"Why the deception?" he asked softly "What was the point? You knew that I would find out eventually."
"Eventually, yes. But as long as you were hunting me, you wouldn't hunt her. She was safe for a while."
Vader whirled back, his features contorted with anger.
"How dare you!" he roared, pushing through the Force and sending her recoiling against the railing. She gripped the rail behind her; her knuckles turned white, but raised her chin defiantly against his tirade. "I love her! I would never, ever hurt her! She knows that!"
"You love her? You see her as a stolen possession! Something you want back only so you can own it again! You didn't even notice that I wasn't her!"
He flinched as though she had hit him, realizing the truth in the accusation. He hadn't seen Padm? in over a year, how could he recognise her? He could barely recognise himself.
No. He was Vader. She was his wife. He needed her and she needed him.
"She loves me. I know she does," he declared defensively.
"So much so, that she's crisscrossing the galaxy to avoid you? If you truly love her, you will stop hunting her."
He glared daggers at her.
"You've poisoned her mind against me. You, Dorm?, Sach? and the rest of your little group. You and the Jedi. I will see you hunted down for this."
He moved close to her, towering over her petite frame.
"I will destroy you all for what you have done," he hissed harshly.
Sab? stifled a gasp as he stared her down with such hate. It had aged him terribly, more so than the ravages of time. He seemed so far from the little boy she had once met on the Royal Star Cruiser.
"What happened to you?" she asked quietly before she could prevent herself.
He turned his back to her once more, moving to the other side of the small terrace.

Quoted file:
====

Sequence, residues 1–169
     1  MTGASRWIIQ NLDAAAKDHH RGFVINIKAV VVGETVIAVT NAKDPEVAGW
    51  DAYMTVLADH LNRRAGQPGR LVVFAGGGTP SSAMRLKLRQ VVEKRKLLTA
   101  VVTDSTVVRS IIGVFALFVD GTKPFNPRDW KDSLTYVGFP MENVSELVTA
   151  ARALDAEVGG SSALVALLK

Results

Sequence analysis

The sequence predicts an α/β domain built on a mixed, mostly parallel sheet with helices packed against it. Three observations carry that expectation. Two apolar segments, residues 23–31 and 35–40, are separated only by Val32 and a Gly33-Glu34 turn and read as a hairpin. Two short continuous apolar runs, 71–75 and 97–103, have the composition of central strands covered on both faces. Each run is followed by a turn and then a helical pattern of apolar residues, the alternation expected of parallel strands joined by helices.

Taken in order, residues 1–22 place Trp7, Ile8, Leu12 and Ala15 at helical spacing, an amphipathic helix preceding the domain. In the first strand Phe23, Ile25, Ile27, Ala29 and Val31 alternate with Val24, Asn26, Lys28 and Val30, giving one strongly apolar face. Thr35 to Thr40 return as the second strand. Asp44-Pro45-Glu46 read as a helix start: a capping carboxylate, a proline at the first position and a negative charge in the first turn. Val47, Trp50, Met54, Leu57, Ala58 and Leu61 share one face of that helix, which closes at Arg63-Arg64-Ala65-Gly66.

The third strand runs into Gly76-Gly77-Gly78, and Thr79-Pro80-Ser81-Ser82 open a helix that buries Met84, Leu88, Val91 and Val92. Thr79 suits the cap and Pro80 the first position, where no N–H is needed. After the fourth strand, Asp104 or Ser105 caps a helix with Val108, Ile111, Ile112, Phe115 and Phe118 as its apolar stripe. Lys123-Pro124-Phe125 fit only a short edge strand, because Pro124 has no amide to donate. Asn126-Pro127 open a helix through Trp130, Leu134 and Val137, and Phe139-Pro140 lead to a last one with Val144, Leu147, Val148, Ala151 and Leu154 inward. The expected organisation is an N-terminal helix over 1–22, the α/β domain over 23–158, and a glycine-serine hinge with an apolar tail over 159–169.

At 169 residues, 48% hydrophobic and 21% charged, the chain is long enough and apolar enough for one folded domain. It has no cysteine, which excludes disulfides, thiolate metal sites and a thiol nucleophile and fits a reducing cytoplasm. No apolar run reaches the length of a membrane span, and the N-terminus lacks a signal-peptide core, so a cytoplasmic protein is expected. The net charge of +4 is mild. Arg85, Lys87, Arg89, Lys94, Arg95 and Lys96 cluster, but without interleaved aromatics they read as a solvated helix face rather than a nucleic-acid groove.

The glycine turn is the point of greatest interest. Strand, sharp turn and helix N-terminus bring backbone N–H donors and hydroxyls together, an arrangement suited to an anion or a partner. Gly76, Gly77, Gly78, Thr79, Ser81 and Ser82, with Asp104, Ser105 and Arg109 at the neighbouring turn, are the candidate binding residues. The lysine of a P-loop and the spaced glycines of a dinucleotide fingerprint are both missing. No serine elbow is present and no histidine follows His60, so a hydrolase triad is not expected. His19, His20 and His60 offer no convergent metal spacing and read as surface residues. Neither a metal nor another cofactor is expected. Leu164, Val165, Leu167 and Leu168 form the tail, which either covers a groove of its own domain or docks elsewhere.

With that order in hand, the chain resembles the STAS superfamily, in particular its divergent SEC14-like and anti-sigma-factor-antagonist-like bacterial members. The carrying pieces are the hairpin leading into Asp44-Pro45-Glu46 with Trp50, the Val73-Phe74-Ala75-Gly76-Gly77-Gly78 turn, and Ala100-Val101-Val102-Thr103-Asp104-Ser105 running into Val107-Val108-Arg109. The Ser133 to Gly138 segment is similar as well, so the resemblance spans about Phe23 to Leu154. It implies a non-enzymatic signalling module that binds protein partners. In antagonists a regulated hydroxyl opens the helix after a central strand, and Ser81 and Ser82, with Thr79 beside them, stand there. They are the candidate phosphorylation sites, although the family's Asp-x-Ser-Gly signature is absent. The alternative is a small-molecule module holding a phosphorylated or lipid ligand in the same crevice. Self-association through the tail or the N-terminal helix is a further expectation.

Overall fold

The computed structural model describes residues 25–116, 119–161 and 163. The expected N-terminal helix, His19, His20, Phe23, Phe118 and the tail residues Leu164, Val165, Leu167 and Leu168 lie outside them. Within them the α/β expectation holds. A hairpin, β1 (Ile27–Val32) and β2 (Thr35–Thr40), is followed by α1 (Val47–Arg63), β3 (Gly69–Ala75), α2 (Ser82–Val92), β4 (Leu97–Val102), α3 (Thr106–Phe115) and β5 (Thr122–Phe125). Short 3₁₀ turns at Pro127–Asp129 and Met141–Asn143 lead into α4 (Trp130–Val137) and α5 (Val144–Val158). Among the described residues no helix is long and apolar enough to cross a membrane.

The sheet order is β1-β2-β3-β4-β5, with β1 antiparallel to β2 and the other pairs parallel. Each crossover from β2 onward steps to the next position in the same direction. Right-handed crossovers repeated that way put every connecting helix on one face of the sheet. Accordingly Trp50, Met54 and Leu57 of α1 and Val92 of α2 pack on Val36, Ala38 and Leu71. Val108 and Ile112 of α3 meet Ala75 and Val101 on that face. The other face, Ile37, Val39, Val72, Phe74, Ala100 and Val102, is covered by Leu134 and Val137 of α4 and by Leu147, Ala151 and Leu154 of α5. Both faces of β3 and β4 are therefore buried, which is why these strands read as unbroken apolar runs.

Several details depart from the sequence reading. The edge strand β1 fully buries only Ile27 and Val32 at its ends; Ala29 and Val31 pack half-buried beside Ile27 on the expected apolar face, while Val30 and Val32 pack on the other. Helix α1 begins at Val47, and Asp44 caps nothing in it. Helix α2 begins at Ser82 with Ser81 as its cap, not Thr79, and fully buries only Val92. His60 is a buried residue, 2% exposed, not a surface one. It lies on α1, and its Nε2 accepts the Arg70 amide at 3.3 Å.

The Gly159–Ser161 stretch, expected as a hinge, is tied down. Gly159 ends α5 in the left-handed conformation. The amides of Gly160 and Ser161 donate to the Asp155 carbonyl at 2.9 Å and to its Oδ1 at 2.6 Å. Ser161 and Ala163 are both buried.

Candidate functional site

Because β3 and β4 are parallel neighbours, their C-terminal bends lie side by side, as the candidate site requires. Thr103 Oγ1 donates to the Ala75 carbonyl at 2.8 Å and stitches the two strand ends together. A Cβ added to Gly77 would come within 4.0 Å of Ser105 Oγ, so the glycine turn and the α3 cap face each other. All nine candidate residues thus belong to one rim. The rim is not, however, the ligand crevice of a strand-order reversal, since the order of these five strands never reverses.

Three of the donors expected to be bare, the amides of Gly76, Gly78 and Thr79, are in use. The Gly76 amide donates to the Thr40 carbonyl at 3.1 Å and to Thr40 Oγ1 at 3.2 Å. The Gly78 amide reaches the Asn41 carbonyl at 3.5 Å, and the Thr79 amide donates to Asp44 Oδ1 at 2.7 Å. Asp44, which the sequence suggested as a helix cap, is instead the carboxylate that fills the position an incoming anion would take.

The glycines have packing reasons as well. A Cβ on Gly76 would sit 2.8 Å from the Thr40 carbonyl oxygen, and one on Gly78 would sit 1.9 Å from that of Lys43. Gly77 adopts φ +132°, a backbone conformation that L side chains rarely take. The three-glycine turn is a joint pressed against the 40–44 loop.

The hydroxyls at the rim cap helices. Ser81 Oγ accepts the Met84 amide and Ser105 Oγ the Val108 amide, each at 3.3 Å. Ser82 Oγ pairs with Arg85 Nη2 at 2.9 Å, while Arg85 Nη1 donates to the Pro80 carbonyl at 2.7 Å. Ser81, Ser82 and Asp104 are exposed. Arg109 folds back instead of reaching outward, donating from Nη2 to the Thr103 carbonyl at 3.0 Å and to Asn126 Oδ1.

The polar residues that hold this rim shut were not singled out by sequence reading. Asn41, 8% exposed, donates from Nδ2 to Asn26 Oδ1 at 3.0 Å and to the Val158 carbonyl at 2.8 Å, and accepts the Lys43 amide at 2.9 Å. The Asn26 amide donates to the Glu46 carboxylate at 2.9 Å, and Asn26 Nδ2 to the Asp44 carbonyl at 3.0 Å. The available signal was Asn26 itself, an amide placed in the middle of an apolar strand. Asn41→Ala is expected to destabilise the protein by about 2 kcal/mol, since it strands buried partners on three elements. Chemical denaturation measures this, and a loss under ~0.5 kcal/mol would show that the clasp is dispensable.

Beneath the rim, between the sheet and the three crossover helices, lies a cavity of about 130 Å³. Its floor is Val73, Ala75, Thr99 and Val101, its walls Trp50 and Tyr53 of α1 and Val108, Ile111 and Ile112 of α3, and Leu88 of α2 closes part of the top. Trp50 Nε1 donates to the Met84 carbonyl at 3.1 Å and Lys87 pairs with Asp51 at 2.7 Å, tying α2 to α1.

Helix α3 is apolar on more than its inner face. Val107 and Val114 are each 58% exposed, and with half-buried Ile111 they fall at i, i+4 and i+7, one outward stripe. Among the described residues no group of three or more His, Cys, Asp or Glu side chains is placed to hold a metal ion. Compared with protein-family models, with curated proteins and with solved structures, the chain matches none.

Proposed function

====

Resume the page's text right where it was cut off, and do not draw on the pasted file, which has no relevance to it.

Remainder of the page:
"I wept for you, Anakin. For both of you, and for what might have been."
"You wasted your tears," he responded, monotone.
"I don't think so."
He turned back, arms folded and eyes dead. She continued, refusing to be intimidated.
"I've seen what you've done. I see what you are doing, and I know."
Coming off the railing, she straightened herself proudly and walked slowly towards him, her words dripping with venom.
"I mourn Anakin Skywalker. You're right, you are certainly not him. You're a monster of your own making, a monster of your precious Master's making - a willing slave!"
A harsh slap stung her cheek. She took a breath, quickly and deeply, and regained her composure before raising her head haughtily, meeting his gaze.
Vader's voice was icy in response. "Do not speak of things you cannot comprehend, Handmaiden."
He spat the title as an insult.
"You will be tried for treason against the Empire, and I will ensure that you receive life imprisonment."
Sab?'s jaw dropped slightly in surprise at the sentence, lenient by Imperial standards. He noticed her reaction and sneered openly.
"Your kindness to my wife spares your life."
"I didn't do it for you," she bit out.
"And I don't do this for you," he snarled back, summoning the soldiers with an imperious flick of his hand. "Take her away."
As the soldiers escorted Sab? off the balcony and out of the bedroom, he turned and took one last look at the darkening vista that his wife had been gazing upon only a short time beforehand.
Anakin felt like crying hot, angry tears, allowing his twisting frustration to break forth. Clenching his jaw tightly, Vader resisted the urge - a Sith does not shed tears. Closing his eyes, he touched the Force, letting it cleanse him of his misery and focus his rage.
He silently cursed Sab?, swearing that she would pay for her deception and insolence. He would reserve a special punishment for her. She would watch as he destroyed the group of traitors who had stolen his beloved. She would bear witness to the destruction that private world. Vader would guarantee it.
She walks slowly to the shuttle, flanked by white armoured guards, glancing up into the growing darkness for a last look at the mountains that have cradled her for so long.
She thinks sadly of her friends, her sisters. Eirta?, Rab?, Sach?, Yan?, Dorm?, Cord?, Vers?, Raj?. Padm?.
She is the last handmaiden to leave Naboo.
Original cover by Cereth. HTML formatting copyright 2003 TheForce.Net LLC.